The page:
Objective: To present a case of a SARS-CoV-2 patient presenting with opsoclonus myoclonus syndrome who was successfully treated with IVIGs.
Background: The COVID-19 pandemic has caused high morbidity and mortality worldwide, often presenting with neurological manifestations of autoimmune origin. Opsoclonus myoclonus syndrome, a rare, autoimmune, idiopathic or paraneoplastic neurological disorder has so far not been described in SARS-CoV-2.
Method: Case report
Results: A 61-year-old African-American female with no neurological history, presenting with a one-week history of “generalized tremors,” changes in mental status, and sore throat was admitted for suspected COVID-19. During neurological evaluation, patient was found to be psychotic, disorientated, aggressive, with chaotic eye movements and extensive multifocal myoclonic jerks. Patient developed pulmonary distress requiring ventilation. Patient’s laboratory and radiological findings suggested acute COVID-19
which was later confirmed by antibody testing in spite of initially negative PCR tests. Extensive workup for autoimmune and paraneoplastic syndromes were negative. Patient improved dramatically due to IVIG administration in the ICU, leading to early extubation. Patient made a functional recovery after two weeks of acute rehabilitation with normal physical and minimal cognitive complaints at six-month follow-up.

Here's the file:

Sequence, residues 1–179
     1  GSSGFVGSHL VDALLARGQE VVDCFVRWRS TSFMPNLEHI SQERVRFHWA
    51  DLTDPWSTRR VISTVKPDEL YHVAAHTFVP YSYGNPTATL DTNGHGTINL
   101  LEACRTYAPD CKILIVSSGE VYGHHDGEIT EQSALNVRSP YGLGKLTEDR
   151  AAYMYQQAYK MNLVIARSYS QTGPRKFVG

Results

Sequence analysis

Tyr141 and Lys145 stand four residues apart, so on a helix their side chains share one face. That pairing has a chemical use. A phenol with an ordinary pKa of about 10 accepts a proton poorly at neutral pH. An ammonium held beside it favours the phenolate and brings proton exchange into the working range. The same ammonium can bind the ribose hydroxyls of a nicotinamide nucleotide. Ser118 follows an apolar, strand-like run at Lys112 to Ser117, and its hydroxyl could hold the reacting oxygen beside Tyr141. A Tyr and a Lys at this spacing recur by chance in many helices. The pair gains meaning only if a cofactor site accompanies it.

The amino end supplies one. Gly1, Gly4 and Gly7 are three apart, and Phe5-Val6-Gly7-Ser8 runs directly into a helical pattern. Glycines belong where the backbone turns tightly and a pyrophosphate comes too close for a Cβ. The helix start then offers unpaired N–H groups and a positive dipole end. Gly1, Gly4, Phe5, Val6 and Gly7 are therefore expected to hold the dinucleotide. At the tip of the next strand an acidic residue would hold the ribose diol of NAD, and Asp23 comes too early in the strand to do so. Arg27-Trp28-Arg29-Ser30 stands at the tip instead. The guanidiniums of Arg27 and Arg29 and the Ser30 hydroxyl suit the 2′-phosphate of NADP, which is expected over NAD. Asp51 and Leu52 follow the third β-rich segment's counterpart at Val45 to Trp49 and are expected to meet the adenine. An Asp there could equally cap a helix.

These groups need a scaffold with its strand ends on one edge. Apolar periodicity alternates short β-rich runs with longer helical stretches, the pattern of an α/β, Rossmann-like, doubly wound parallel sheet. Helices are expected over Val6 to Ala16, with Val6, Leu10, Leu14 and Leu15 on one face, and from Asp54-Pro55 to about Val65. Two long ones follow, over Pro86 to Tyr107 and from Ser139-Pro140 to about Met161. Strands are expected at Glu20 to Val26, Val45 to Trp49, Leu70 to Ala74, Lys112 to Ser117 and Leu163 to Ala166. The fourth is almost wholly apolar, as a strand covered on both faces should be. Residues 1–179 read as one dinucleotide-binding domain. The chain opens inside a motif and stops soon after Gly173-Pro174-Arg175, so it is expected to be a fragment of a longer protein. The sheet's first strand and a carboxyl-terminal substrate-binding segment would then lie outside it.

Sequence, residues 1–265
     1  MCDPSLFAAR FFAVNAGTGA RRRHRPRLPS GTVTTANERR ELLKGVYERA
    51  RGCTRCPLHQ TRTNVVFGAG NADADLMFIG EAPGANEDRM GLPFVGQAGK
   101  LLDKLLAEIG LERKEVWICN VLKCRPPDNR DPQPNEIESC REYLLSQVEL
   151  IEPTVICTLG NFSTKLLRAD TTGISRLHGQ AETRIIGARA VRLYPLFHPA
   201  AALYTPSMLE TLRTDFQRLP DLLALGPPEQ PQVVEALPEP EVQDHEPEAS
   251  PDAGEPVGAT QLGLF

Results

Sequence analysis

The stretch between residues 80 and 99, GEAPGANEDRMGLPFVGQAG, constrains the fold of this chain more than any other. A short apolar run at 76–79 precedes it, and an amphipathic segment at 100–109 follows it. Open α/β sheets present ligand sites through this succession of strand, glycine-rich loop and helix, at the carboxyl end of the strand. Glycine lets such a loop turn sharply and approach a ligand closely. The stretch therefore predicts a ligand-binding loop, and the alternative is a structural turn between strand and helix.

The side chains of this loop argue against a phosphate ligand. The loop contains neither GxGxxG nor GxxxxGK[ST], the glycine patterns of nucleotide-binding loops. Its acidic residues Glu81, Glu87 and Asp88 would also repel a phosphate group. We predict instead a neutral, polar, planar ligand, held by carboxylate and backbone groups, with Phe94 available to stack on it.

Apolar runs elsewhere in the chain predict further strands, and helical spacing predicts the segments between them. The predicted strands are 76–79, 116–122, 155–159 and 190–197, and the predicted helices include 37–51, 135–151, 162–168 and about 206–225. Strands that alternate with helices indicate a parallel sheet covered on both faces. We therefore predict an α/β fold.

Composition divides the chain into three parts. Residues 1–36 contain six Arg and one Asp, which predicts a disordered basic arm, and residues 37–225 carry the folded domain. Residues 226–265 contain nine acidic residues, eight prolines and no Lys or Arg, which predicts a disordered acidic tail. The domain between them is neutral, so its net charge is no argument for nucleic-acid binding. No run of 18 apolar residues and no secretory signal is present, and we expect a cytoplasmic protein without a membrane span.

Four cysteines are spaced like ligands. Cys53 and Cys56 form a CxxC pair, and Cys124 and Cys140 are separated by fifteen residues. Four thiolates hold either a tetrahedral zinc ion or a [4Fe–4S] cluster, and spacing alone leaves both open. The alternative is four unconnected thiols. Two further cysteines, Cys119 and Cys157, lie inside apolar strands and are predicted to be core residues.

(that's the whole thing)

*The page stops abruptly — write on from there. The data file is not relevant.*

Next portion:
Conclusion: SARS-CoV-2 infection is multifaceted and may present as rare autoimmune neurological disorders such as opsoclonus myoclonus syndrome. We suggest both PCR and COVID-19 antibody testing routinely for patients presenting with suspected autoimmune or paraneoplastic movement disorders and suggest IVIGs as a possible treatment.
To cite this abstract in AMA style:M. Salgado, I. Hacker, A. Alport, J. Ma. SARS-CoV-2 Encephalopathy Presenting as Opsoclonus Myoclonus Syndrome Successfully Treated with IV Immunoglobulins [abstract]. Mov Disord. 2021; 36 (suppl 1). https://www.mdsabstracts.org/abstract/sars-cov-2-encephalopathy-presenting-as-opsoclonus-myoclonus-syndrome-successfully-treated-with-iv-immunoglobulins/. Accessed November 29, 2023.
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